The low turnout of political parties for the town hall meeting held recently had generated a lot of reactions as the Vice Presidential debate was being arranged.
Some stakeholders who spoke to the 247ureports.com on Tuesday in Abuja expressed disappointments and hoped that the Presidential and Vice Presidential debates would not go the same way.
The Kowa Party, Peoples Democratic Party (PDP), United Progressive Party (UPP) and Citizens Popular Party (CPP) were the parties that have kept faith with the exercise so far.
Mr Chambers Okorie, a member of the UPP, viewed his party’s participation as a national commitment to propagate the good intentions of the party.
He said “we consider this to be a great campaign platform to reach more Nigerians, so it is to our advantage that we took the opportunity.’’
He, therefore, urged other political parties to encourage the culture of elections debate rather than hate speeches.
On his part, the Chairman, Nigeria Electoral Debate Group (NEDG), Mr Sola Omole, said the group could not compel attendance.
Omole, who is also the Director-General of the Nigerian Television Authority (NTA), said the group had duly invited all the political parties that had fielded candidates for the presidential race.
“All that we can do is to invite everybody which is what we did and so participation and attendance is left to them
“This is a platform that we are providing free so that political parties can come and educate Nigerians about their programmes.
“My hope and appeal is that all the parties and their candidate should take advantage of the opportunity,” he said.
He hoped that participation would improve as the Vice Presidential debate was the next in the series.
Mrs Abibatu Abdullahi, the Vice President, Nigeria Association of Women Journalist (NAWOJ) Zone D, expressed dismay at the failure of most of the parties invited to participate.
Abdullahi, who represented the President of NAWOJ, Mrs Ifeyinwa Omowole, said the lukewarm attitude of the political parties would forestall the exercise.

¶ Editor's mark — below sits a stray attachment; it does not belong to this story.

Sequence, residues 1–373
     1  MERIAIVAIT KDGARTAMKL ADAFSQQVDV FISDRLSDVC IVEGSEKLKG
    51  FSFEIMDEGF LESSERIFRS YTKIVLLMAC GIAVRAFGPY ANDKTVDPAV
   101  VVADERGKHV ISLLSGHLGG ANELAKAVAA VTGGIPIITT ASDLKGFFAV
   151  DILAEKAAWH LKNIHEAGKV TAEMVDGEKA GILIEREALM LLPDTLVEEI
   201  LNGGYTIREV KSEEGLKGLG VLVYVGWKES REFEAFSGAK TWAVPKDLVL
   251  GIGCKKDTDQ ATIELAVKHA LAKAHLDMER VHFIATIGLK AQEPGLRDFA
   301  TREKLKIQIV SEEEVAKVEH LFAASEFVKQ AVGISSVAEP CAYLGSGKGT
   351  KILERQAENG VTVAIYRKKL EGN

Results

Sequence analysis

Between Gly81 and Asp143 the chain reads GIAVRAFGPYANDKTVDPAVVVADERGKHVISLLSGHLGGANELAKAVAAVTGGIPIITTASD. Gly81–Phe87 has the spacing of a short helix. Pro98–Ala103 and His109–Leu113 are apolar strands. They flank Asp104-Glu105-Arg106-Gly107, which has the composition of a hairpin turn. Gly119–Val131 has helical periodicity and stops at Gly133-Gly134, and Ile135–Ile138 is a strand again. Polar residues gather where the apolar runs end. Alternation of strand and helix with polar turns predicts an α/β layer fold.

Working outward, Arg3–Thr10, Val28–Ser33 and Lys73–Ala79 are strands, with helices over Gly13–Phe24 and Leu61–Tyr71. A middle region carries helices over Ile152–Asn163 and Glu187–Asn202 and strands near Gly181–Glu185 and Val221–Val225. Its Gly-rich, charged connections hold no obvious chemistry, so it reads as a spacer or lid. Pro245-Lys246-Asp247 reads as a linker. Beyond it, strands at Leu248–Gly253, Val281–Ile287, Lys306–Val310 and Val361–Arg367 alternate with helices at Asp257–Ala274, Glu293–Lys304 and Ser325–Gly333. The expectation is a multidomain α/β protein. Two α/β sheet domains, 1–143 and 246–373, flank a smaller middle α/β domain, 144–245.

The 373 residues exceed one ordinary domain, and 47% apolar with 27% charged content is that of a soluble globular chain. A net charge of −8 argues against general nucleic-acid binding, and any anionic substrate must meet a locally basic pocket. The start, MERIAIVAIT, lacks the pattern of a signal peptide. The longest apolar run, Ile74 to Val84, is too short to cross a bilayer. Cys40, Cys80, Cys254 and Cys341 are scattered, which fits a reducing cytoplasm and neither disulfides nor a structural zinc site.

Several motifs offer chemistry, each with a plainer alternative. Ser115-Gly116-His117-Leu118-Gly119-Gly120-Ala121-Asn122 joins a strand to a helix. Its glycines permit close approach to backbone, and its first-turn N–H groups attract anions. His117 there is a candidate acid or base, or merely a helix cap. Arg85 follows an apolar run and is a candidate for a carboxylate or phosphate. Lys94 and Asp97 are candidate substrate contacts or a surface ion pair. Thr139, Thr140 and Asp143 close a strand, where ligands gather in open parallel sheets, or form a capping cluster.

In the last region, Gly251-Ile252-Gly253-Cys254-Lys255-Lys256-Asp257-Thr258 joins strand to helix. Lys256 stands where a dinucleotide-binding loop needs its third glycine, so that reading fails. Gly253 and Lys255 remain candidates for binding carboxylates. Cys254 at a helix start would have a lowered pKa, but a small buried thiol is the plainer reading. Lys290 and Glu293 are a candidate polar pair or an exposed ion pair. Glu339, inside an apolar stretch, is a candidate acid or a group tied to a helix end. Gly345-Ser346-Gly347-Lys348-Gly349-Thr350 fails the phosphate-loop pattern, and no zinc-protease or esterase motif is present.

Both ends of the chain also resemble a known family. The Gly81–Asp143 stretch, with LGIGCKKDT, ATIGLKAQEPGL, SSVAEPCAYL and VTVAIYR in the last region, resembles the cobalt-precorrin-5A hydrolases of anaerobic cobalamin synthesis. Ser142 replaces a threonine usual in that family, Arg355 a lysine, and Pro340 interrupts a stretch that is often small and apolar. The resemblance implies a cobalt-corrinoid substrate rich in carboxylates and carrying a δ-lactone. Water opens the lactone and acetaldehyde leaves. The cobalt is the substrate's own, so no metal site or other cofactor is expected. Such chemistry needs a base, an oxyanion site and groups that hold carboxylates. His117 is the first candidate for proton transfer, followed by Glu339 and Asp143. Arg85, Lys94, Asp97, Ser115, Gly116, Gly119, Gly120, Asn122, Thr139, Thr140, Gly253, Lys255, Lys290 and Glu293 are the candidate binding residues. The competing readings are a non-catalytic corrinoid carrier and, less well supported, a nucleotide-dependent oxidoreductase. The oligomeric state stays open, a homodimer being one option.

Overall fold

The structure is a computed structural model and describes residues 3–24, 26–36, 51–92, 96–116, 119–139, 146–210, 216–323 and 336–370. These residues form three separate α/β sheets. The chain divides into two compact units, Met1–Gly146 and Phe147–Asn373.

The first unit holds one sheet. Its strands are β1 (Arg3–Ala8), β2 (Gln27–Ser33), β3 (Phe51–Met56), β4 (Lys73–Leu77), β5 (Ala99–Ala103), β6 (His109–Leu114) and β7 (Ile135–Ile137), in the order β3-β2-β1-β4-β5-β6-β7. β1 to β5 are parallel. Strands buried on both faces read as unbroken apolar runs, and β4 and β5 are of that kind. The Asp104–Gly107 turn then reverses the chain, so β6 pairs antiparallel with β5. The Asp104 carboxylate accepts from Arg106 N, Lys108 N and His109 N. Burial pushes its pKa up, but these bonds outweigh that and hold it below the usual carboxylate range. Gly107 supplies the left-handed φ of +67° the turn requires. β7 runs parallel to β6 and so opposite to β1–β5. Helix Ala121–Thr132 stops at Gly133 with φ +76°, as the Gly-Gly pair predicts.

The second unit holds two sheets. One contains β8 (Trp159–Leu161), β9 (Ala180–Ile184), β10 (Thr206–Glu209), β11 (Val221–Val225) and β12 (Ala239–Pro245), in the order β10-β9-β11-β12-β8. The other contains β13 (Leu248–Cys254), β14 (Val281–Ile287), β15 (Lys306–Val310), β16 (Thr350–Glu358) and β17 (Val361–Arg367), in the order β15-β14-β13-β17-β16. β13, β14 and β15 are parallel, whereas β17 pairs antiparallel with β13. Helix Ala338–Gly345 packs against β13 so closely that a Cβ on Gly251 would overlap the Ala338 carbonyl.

“We feel this is a valuable gift to Nigerians and therefore we are hoping that the parties will cash in on the platform to market their programmes at no cost,’’ she added.
Mr Joseph Mbah, a Public Analyst, blamed the poor attendance on perceived lack of preparation by some candidates to successfully undertake the race.
“Some of them are in the race for other reasons totally unconnected to the elections,’’ he said.
He said most politicians were not yet prepared to adhere to the tenets of the country’s democracy.
“In other climes, debates in election period opens up the vista for voters to really know who to vote for but here, they will not allow that to happen.
“We tried it in 1999, it worked to a level but since then it has not worked well again.
“I tell you, go and mark it, even the presidential debate, the public is eagerly waiting for might not come out nice,’’ he said.
Mr Anthony Oyerinde, a lawyer, said the absence of the majority of the political parties and their representatives were indicative of their lack of regard for Nigerians.
He said by now, election debates should have formed the critical points of elections deciders in the country.
“In places like the U.S. where such debates attract millions of television viewers across the country, such debates are considered the most vital aspects of the preparation.
“As a matter of fact, once upon a time, I stumbled on such debate while randomly searching through my television channels and I decided to watch it and that influenced my vote.”
Mrs Aisha Ibrahim, a public servant blamed the low turnout on the hostile reception that some of the parties received in the past.
She however said candidates that were worth their salt would surmount all vagaries to be part of the process.
“I think INEC and the organisers of the debate should do something serious to ensure that the vice presidential and presidential debate succeed.’’
NAN reports that the vice presidential debate is scheduled to hold on Wednesday.
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